What is numerical mathematics?
Numerical mathematics is a mathematical discipline that comes into play when classical mathematical analysis has no answers to certain questions. While in classical analysis the goal is to determine the solution to a problem, describe its properties, and determine under what conditions that solution exists, numerical mathematics finds that solution efficiently and with some allowable error. Numerical methods are developed to solve a mathematical model that usually describes a process or phenomenon from the world around us.
Sometimes we cannot find any other solution except numerical one or we do not even need it. It is well known that integrals for some functions that are important in mathematical statistics cannot be written using elementary functions. And yet, certain integrals of these functions are unique values that can only be obtained by numerical methods. They will not usually lead us to the exact solution, but the bottom line is that we can get a solution with as much accuracy as we want. This is why error analysis is a faithful companion of any numerical method, both the method itself and the so-called computational errors.
Advanced numerical methods are essential for meteorological forecasting. Automobile companies can increase the safety of their vehicles by using simulations of car accidents based on the numerical solution of partial differential equations. The calculation of the trajectory of celestial bodies or spacecraft and satellites is based on numerical methods for solving systems of ordinary differential equations, making numerical mathematics a part of celestial mechanics. Processing of power, sound, speech and video signals, noise filtering, shape recognition, and others are just a few examples of modern applications of this branch of mathematics.
The fundamental task of numerical mathematics is the development of (numerical) methods used to adapt abstract mathematical models to the capabilities of computer technology. Since only basic arithmetic operations are performed on computers, one of the first problems of numerical mathematics is how to represent elementary functions such as cos(x) or ex in such a system. How to approximate an arbitrary function?
The problem of approximating functions is treated in the field of numerical mathematics called approximation theory. It can be said that its development began in the 18th century. The mathematicians who made the greatest contribution to this field were Lagrange, Chebyshev, Jacobi, Weierstrass, Runge, Lebesgue, Poisson and others. Scientists are still actively studying this problem today.
As the development of computer science continues, the possibilities for realizing more complex mathematical models are increasing. Such models often include differential and/or partial differential equations, so special attention is paid to the development of numerical methods for such problems. The study of numerical methods includes the analysis of errors, stability and convergence of the methods. For this reason, this part of numerical mathematics is also called numerical analysis. It draws on several mathematical disciplines, of which functional analysis has recently taken a prominent position.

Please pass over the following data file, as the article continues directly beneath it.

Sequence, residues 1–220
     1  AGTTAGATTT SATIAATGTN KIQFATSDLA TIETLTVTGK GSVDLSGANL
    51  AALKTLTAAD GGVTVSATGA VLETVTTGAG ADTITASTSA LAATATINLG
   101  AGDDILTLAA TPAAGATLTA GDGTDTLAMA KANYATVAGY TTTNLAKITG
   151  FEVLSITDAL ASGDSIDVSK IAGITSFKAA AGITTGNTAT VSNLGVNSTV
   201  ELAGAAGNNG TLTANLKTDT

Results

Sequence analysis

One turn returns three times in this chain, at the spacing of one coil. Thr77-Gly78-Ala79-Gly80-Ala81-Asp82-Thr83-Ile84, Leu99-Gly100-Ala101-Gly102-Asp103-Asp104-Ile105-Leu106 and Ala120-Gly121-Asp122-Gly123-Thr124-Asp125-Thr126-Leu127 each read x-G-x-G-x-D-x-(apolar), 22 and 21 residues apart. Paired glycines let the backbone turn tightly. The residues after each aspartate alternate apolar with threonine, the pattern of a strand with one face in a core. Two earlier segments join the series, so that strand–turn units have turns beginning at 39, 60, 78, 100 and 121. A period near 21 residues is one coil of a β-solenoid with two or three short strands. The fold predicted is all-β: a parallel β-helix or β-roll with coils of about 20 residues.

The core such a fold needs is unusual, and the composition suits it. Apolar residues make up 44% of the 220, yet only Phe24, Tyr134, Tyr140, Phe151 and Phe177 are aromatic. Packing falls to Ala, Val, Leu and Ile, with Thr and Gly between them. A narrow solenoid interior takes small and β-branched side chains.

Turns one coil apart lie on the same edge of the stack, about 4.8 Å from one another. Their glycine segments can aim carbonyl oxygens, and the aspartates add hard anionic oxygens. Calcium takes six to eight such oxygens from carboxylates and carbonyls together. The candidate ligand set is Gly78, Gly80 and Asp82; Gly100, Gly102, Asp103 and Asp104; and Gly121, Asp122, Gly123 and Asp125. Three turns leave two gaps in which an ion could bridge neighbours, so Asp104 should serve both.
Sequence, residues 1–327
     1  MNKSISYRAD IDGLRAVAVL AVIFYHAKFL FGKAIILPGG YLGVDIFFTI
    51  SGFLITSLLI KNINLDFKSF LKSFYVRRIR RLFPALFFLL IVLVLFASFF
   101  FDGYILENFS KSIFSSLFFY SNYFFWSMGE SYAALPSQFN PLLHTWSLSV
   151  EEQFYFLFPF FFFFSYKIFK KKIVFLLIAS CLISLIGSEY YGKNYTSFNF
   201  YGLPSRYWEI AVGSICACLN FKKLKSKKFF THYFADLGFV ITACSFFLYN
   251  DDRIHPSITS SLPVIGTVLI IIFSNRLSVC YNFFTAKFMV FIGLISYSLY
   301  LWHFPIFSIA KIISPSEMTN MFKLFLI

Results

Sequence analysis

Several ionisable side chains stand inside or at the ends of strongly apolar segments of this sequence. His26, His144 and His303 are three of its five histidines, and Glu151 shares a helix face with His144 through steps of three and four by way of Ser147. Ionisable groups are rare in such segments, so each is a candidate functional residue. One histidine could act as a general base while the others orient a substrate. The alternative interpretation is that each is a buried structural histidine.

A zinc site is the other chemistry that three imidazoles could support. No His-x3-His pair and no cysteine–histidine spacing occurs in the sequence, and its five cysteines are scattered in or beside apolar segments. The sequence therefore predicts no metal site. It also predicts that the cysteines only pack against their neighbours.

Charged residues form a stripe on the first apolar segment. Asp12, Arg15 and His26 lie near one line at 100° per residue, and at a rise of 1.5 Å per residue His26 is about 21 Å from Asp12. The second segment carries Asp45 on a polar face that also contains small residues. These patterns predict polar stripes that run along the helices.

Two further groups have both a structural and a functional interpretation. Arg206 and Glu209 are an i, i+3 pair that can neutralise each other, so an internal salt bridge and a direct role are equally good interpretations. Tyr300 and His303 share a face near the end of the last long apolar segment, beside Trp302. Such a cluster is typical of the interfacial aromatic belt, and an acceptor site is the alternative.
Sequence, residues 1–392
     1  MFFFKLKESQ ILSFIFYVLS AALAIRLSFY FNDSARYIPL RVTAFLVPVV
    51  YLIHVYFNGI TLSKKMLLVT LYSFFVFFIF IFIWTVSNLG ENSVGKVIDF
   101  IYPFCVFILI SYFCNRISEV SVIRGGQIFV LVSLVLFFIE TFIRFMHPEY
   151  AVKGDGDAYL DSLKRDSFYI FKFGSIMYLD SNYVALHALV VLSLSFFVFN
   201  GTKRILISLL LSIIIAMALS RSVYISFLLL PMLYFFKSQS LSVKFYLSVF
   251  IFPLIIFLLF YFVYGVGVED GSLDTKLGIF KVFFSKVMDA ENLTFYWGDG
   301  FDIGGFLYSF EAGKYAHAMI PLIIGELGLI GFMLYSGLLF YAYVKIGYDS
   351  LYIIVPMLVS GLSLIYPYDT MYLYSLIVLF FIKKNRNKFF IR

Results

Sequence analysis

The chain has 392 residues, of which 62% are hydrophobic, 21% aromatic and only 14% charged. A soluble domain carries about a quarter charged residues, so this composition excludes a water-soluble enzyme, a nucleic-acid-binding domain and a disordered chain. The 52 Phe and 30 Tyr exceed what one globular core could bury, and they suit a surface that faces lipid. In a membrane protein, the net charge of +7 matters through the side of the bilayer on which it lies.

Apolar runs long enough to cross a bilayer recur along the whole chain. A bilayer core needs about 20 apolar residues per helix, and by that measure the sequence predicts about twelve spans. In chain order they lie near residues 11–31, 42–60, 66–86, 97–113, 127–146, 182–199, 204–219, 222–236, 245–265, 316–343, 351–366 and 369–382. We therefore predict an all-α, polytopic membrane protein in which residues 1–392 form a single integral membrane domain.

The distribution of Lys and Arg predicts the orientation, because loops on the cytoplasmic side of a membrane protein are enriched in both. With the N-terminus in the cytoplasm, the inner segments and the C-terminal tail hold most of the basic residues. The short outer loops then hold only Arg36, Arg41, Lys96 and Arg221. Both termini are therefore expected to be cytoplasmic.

Numerical methods for solving linear differential equations and partial differential equations are often reduced to systems of linear equations. In practice, we work with systems with thousands of unknowns, where the classical apparatus of linear algebra becomes useless. Therefore, the development of stable (computational errors do not accumulate) and efficient (minimum number of computational operations) numerical algorithms is very important, which is what numerical linear algebra deals with. Often these systems have a specific structure in the form of a sparse matrix, i.e. a matrix with a large number of zeros, so numerical methods are adapted to exploit this property.
In this module, students learn the introductory elements of numerical mathematics theory and how to work with approximate numbers and functions. They will learn the best types of function approximations, numerical differentiation and integration, and numerical solution of basic linear algebra problems that include solving systems of linear equations, finding the inverse of a matrix and its determinants, and determining eigenvalues. You will also study numerical methods for solving nonlinear equations and their systems. The next level of knowledge enhancement is in the area of ordinary and partial differential equations. Students have the opportunity to learn methods of numerical solution of such equations in the framework of the so-called numerical analysis.
Students will have the opportunity to implement almost all of the numerical methods studied on the computer. Students will learn the C and Java programming languages and implement numerical methods in the MatLab software package, a state-of-the-art environment for numerical computation. They will also have the opportunity to become familiar with the Fortran, C++, and Phyton programming languages.